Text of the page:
Genre: Family / Caribbean / Fairy Tale / Folktale / Retelling
Year Published: 1998
Year Read: 2011
Publisher: Simon & Schuster Books for Young Readers
I have read many different versions of “Cinderella” during my time, but this is the first time I have heard of a Caribbean version of the classic fairy tale! “Cendrillon: A Caribbean Cinderella” is a unique retelling of the classic fairy tale by Robert D. San Souci along with illustrations by Brian Pinkney and it is about a young woman named Cendrillon who, with the help of her godmother, tries to go to the ball to meet the handsome prince! “Cendrillon: A Caribbean Cinderella” is a brilliant retelling of the classic Cinderella tale that everyone will love!
I have really enjoyed this version of the classic fairy tale! Robert D. San Souci has, as usual, done an excellent job at retelling this French-Caribbean folktale and what I really loved about Robert D. San Souci's writing is that it is told from the godmother's point of view. This aspect of the story was quite unusual for me since I have always read the story from Cinderella's point of view and this was the first time that I have read a version of Cinderella from the godmother's point of view. I really did enjoy seeing the story told from the fairy godmother's point of view because it really helped me see how close the godmother was to Cendrillon and you gain a better understanding of the story if it is told from a first person's point of view. Another aspect of the story I really loved was how the godmother was so close to Cendrillon that you can see the relationship as more like a mother and daughter relationship and it made the book so heartwarming to read through. As I love to read in various fairy tales and folktales that originate from other countries, I was glad that there was a French Creole translation key at the end of the book since it really helped me understand the story much better and I love learning about languages from different countries, so this was a treat to read! Brian Pinkney's illustrations are beyond beautiful in this book as all the characters look extremely realistic yet colorful at the same time. I loved the scratchy look that Brian Pinkney provided to the illustrations since it really made the illustrations stand out. My favorite illustration int his book was of the mansion of Monsieur Thibault as his mansion is huge and is surrounded by palm trees and flowers and the purple sky really brought out the true beauty of seeing a lit up mansion at night!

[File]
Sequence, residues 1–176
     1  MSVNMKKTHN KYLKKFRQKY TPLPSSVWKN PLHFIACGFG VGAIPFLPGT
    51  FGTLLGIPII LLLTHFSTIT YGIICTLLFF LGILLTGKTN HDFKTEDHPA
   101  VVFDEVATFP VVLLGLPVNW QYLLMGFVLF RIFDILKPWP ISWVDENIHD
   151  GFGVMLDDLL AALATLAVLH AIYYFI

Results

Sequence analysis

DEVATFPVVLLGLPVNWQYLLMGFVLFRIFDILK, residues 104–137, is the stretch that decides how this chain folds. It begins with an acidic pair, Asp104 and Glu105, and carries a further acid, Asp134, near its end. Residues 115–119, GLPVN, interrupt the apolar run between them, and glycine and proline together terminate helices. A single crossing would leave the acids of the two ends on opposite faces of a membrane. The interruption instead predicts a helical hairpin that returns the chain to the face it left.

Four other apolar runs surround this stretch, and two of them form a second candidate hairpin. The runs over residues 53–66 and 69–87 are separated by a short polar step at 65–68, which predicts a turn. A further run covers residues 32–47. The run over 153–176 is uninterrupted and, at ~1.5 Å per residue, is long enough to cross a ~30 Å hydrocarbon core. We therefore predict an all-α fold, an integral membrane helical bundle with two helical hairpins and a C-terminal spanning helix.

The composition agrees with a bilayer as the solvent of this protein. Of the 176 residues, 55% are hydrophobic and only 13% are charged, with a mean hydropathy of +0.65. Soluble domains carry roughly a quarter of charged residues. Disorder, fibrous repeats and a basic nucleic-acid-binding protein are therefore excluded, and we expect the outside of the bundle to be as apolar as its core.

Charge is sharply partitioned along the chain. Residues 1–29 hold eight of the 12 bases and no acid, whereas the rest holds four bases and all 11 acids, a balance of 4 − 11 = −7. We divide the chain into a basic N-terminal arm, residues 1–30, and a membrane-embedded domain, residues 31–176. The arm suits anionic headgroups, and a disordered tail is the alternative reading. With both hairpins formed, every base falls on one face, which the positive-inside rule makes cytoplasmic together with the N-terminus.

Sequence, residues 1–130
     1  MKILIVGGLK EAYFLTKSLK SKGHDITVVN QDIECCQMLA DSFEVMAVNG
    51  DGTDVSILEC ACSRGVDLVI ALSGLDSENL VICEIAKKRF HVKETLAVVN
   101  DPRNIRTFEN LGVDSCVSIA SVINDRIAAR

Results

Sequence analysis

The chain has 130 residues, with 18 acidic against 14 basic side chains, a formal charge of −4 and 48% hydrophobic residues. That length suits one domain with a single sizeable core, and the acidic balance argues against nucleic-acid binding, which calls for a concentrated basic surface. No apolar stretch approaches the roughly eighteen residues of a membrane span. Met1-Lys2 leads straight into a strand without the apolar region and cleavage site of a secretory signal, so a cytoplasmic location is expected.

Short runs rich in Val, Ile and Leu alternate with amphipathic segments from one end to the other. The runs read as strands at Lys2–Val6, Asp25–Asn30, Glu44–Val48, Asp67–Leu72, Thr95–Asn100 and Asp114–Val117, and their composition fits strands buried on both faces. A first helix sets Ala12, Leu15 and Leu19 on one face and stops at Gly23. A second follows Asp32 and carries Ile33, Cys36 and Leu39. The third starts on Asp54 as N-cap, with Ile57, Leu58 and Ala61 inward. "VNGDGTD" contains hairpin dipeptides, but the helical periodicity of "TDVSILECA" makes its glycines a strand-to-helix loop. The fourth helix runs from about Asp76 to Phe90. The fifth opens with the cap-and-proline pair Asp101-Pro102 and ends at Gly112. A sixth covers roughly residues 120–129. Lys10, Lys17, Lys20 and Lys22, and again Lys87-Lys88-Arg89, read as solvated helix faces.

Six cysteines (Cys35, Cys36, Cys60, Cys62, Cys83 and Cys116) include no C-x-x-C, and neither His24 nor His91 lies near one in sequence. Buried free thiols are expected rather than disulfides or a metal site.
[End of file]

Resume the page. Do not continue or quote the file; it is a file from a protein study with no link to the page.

Overall, “Cendrillon: A Caribbean Cinderella” is a fantastic retelling of Cinderella that every child who love fairy tales will definitely enjoy for many years! I would recommend this book to children ages five and up since the French Creole language might be hard for younger children to understand.
Review is also on: Rabbit Ears Book Blog